Mr Hayes —I will go first because I think this question is primarily for Dr Ritchie. It does not affect our members, but I do know a little bit about it. To align that with the increased age pension age, I think, would be a very severe blow to the superannuation system.

Senator FURNER —Dr Ritchie?

Dr Ritchie —Again, I cannot speak for the association on this, but I would tend to support the movement of the preservation age to being the same as the age pension age simply because it gives a view in the community of consistency in approach. It says that the benefits of superannuation will occur at the same time as the benefits of the age pension. That makes logical sense because the superannuation system itself contains incentives to encourage people to work and to continue to work to benefit their eventual retirement. I believe that consistency is the sensible way to move.

Senator FURNER —Part of the proposed incentives of the package is to introduce a change to the work bonus—and I am sure that you are aware of it—which is the ability to have a test of indexation of $500 per fortnight. Of your membership, how many who are in some form of employment might benefit by that scheme?

Dr Ritchie —A very high percentage of our members above the age of 65 still work part time. They will benefit directly from that, even though in many cases their earning rate is greater than $500 per week.

Senator FURNER —You have said ‘a high percentage’; what sort of percentage are you referring to?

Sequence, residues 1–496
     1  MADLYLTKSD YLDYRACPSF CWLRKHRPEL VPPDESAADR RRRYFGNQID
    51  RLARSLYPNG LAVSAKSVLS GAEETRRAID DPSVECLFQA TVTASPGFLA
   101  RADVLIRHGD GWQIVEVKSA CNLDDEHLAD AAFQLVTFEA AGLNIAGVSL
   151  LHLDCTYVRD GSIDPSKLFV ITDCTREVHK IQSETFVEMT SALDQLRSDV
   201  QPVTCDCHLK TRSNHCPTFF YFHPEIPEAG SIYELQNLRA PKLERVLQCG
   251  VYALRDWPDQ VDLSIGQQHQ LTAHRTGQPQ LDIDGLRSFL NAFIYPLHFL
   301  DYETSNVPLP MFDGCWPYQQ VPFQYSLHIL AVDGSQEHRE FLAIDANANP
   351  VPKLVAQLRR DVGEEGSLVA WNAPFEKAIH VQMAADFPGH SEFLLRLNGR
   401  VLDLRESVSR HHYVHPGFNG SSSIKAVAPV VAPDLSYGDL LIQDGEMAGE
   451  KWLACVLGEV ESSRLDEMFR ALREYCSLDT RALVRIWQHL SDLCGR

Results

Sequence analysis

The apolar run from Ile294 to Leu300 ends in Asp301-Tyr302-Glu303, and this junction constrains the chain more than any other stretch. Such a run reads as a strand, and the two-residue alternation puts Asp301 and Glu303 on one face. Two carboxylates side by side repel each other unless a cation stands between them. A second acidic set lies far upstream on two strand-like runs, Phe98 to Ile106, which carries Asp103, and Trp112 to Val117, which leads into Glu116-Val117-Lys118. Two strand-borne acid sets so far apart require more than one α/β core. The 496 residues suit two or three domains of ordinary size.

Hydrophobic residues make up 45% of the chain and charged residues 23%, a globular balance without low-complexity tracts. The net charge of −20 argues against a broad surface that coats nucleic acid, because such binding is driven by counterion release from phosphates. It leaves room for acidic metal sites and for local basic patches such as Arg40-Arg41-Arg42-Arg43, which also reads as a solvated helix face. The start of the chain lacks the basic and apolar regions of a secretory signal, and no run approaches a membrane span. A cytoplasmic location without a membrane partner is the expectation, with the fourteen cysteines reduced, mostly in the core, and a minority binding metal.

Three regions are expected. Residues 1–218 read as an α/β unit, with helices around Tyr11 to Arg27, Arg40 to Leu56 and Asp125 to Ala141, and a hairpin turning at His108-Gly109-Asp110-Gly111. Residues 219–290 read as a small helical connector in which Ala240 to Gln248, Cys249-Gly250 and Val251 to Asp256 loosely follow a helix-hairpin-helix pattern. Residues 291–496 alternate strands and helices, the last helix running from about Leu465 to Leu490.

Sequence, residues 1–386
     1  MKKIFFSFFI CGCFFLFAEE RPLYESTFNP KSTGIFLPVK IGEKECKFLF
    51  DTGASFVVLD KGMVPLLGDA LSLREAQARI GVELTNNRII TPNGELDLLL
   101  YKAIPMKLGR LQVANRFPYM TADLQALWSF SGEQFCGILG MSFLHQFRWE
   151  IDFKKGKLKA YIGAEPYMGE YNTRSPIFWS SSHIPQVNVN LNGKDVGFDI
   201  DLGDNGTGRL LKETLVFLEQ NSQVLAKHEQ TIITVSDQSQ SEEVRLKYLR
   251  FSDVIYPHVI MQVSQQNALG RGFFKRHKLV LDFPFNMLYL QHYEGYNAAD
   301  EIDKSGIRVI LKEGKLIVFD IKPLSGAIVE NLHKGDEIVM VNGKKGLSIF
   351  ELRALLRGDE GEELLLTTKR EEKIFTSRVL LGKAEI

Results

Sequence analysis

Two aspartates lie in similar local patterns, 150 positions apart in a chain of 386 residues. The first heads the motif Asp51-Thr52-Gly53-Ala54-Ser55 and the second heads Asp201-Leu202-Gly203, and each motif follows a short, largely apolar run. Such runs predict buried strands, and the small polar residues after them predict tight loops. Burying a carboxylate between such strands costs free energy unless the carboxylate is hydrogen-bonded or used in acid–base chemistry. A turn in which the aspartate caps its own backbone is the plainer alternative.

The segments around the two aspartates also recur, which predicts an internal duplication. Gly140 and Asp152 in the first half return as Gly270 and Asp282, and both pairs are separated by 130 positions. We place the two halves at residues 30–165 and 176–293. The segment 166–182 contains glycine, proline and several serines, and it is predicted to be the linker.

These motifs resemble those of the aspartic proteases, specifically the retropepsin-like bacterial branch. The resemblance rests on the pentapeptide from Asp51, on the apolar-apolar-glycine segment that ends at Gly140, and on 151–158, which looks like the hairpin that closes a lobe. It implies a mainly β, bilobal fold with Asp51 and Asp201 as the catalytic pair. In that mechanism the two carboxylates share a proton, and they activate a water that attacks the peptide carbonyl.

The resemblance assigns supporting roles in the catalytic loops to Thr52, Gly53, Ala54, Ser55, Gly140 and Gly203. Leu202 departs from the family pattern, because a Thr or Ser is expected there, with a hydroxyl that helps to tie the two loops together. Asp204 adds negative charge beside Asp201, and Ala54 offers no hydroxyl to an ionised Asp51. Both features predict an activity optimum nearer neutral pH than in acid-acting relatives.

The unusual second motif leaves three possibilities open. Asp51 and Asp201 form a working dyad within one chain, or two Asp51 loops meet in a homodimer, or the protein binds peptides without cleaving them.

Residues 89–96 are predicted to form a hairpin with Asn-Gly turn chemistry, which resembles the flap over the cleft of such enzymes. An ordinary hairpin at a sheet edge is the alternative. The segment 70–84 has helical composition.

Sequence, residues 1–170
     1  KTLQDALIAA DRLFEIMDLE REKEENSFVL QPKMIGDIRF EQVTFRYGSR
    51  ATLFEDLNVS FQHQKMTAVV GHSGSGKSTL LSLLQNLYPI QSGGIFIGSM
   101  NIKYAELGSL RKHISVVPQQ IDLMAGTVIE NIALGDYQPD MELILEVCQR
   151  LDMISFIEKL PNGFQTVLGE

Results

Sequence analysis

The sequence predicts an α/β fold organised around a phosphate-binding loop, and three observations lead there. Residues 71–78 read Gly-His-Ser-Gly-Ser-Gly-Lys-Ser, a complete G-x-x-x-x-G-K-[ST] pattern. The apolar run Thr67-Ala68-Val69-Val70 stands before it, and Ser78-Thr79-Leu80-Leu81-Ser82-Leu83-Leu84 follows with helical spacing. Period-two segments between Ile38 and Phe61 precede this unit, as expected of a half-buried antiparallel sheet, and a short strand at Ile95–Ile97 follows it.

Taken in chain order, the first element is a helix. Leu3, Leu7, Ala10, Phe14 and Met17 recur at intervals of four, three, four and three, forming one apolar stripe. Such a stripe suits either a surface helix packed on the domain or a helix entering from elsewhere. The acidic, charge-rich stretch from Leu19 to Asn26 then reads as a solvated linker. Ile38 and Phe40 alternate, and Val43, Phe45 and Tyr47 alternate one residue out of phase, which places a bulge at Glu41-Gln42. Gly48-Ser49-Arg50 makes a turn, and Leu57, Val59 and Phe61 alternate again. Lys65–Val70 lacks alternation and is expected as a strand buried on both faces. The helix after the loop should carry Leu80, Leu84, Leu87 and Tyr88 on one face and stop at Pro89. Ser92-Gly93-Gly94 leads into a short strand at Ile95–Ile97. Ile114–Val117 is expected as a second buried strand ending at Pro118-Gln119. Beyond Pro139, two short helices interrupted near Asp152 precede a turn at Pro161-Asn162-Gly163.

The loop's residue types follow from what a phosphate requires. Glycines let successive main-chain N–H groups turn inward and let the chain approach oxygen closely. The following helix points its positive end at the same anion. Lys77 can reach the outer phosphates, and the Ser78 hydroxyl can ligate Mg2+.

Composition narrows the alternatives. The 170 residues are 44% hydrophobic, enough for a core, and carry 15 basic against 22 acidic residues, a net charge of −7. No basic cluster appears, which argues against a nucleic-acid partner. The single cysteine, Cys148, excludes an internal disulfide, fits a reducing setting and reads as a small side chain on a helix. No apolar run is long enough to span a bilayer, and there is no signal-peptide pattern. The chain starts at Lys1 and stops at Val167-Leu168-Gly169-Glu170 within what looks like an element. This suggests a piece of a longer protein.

Dr Ritchie —We tend to think that people do not work after they have retired, but the figure of those who do is around 10 per cent. You can use me as an example, if you like: I am just coming up to 76 and I stopped working six months ago.

Senator FURNER —Good on you.

Mr Hayes —I really cannot add much to that. It is a sensible improvement to the system. It encourages people to stay in work, and we have to applaud that. But I am not able to give you any figures about the percentage of our members who are still partly employed.

Senator FURNER —Thank you very much.

Senator WILLIAMS —Dr Ritchie, I imagine that many self-funded retirees rely on dividends from the stock market.

Dr Ritchie —Yes. The vast majority of self-funded retirees, including those on a part pension, have investment, either through superannuation or self-funded investment. That is the dominant form, apart from property, of the way in which assets are held.

Senator WILLIAMS —Obviously, as a result of the crash of dividends in the stock market, a lot more people would have been reliant on a larger pension intake because of the shrinking of their dividends. Would that be correct?

Dr Ritchie —That is quite correct. In addition, their assets, of course, have reduced markedly, which makes it very, very difficult for them to perceive how they will manage over the full life of the 30-or-so years that they still have to live.

Senator WILLIAMS —Hence, if we do not see a marked improvement in the stock market and the dividends from those investments, we will see more people being affected by this taper rate change in years to come.

Dr Ritchie —Yes, absolutely; and the government will be up for a much higher cost in the future, as people are forced to move to higher part pensions and then to full pensions.

Senator WILLIAMS —Thank you, Dr Ritchie. I commend you on your work ethic. I am sure that working longer did you more good than harm.

Dr Ritchie —It kept me interested and away from my wife.

Senator WILLIAMS —Well done.

CHAIR —As there are no further questions, we thank you, Mr Hayes and Dr Ritchie. If you think of anything else that you want to add, please get back into contact with us when you can.

Dr Ritchie —Thank you, Madam Chair.

Mr Hayes —Thank you, Madam Chair, and thank you, Senators.

[11.40 am]